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Oil Will Never End

Year: 2006

Authorship: Lorenzo Vitturi / FABRICA

Lorenzo Vitturi addresses the energy problem, from studies of alternative, cleaner energy sources to the depletion of the planet’s resources. He focuses special attention on the exhaustion of the Caspian Sea oil fields.


“Oil will never end” is a photographic project about oil and the impact it has had in a country whose past and present has been marked by the exploitation of “black gold”.
Azerbaijan was the first country in the world to extract oil at the end of the 19th century and today is one of the leading countries in the international oil race. The whole economy is based on the exploitation of petroleum resources, whose wealth still remains in the hands of few, essentially leaving the country in a state of poverty.
In Azerbaijan everything tastes of oil. From the smell of the air to the irreversible transformation of the countryside, to the urban mutations of the capital Baku, oil has made its mark with incredible force and pervasion.
The images tell the assiduity of this huge presence in both its economic effects, that have led to property speculation in the capital, and through the transformed landscapes of a surreal architecture made up of pipes, wells and taps. Bewildered people move around in these seemingly abandoned spaces marked by irreversible environmental devastation. They work there and earn a living. The photographs trace the change in the relationship between people, natural resources and the land. A relationship in which oil always comes out on top. Many oilfield employees repeat the optimistic phrase that became the title of the series. And placed next to the images “Oil will never end” takes on a sinister sound that simply prophesizes a threat.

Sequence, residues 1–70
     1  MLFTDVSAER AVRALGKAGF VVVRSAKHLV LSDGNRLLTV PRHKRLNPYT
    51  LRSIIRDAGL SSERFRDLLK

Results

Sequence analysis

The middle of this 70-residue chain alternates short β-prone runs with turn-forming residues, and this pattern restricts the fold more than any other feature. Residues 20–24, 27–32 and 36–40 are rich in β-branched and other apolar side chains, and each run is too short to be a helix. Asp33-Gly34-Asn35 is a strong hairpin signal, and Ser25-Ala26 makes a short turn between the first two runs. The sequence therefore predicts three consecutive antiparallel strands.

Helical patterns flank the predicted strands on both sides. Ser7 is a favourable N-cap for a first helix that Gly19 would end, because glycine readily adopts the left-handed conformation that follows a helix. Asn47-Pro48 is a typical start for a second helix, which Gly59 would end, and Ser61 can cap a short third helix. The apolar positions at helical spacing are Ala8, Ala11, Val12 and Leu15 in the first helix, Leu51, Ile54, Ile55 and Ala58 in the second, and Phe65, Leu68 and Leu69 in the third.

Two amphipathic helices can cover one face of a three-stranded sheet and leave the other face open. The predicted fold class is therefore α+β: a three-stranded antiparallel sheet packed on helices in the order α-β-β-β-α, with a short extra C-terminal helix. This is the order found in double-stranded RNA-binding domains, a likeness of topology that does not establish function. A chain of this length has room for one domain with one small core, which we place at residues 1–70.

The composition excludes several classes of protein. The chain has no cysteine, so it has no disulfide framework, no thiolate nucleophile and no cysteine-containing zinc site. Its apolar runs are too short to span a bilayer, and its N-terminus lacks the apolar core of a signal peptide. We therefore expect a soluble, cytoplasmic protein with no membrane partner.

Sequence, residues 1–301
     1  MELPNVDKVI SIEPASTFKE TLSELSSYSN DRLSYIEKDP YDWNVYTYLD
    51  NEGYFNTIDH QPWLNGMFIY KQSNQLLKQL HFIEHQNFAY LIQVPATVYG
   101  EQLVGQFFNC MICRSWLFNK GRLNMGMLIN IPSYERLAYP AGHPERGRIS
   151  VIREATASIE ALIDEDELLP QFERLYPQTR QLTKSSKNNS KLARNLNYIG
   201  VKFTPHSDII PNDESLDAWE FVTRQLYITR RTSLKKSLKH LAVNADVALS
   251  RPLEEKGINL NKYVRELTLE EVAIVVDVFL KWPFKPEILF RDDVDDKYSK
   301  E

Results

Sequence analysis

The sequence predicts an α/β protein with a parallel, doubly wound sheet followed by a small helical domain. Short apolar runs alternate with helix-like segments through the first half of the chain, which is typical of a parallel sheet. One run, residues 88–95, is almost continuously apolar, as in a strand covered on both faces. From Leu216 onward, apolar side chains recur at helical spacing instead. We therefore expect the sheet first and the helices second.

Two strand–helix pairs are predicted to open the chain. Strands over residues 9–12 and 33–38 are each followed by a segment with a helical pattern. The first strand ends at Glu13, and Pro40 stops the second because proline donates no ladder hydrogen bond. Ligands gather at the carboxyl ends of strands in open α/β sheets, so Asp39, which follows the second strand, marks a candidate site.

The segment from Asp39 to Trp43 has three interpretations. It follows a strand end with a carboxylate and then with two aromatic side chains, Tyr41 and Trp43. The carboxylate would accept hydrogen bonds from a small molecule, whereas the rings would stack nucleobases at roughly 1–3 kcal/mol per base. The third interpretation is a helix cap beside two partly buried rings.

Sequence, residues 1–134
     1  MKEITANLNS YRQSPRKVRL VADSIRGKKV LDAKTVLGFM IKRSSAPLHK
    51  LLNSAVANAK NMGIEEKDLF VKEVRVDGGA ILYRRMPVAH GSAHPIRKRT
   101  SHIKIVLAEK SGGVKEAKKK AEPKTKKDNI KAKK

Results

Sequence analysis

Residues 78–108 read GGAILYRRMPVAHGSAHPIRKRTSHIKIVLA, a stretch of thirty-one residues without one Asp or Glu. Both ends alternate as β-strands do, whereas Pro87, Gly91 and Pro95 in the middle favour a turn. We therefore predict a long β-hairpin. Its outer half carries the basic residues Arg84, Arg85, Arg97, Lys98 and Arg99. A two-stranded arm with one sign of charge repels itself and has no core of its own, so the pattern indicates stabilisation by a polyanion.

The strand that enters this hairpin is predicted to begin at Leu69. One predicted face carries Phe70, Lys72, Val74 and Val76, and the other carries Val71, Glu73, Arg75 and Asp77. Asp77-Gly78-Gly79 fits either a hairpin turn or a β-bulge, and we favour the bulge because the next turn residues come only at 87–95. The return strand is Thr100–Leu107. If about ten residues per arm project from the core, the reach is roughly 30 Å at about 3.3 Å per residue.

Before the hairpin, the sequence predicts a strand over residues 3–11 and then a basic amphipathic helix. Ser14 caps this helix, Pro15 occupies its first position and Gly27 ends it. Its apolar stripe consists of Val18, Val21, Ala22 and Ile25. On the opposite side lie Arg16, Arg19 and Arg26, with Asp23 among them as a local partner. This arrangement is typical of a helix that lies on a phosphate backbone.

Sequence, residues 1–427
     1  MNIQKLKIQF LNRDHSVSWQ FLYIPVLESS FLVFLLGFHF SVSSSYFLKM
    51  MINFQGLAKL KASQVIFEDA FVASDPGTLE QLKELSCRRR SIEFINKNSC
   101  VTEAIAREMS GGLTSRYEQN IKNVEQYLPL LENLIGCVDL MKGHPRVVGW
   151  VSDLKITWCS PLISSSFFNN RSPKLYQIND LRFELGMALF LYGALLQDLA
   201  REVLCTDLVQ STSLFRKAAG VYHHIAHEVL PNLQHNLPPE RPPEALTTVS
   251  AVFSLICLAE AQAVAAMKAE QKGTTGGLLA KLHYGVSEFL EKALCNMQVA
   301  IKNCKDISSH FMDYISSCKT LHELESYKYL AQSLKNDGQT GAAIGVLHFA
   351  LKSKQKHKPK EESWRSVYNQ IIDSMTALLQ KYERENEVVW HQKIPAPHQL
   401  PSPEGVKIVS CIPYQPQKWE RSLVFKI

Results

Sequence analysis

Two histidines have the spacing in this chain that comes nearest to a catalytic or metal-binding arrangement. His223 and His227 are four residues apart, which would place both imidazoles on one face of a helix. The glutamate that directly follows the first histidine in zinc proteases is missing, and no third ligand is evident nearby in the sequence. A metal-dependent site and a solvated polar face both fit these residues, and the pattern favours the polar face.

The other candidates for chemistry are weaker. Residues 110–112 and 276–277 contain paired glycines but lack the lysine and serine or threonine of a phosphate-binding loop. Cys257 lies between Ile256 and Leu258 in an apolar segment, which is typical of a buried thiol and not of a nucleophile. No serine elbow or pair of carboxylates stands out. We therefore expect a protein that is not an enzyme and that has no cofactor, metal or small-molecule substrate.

Featured in the I SEE project exhibited in 'Les Yeux Ouverts' at Centre Pompidou (France 2006), Milan Triennale (Italy 2007), Shanghai Art Museum (China 2007), Tokyo ShiodomeItalia Creative Center (Japan 2008)



A physical and visual journey of exploration into the current trends of historical, cultural, artistic, social and economic development. “I see” also means “I observe” and “I understand”. Six photographers from Fabrica each chose a story to represent one of the world’s six main geographic areas: North America, South America, East, Far East, Africa and Europe.


Commissioned by:
Fabrica for the I SEE project



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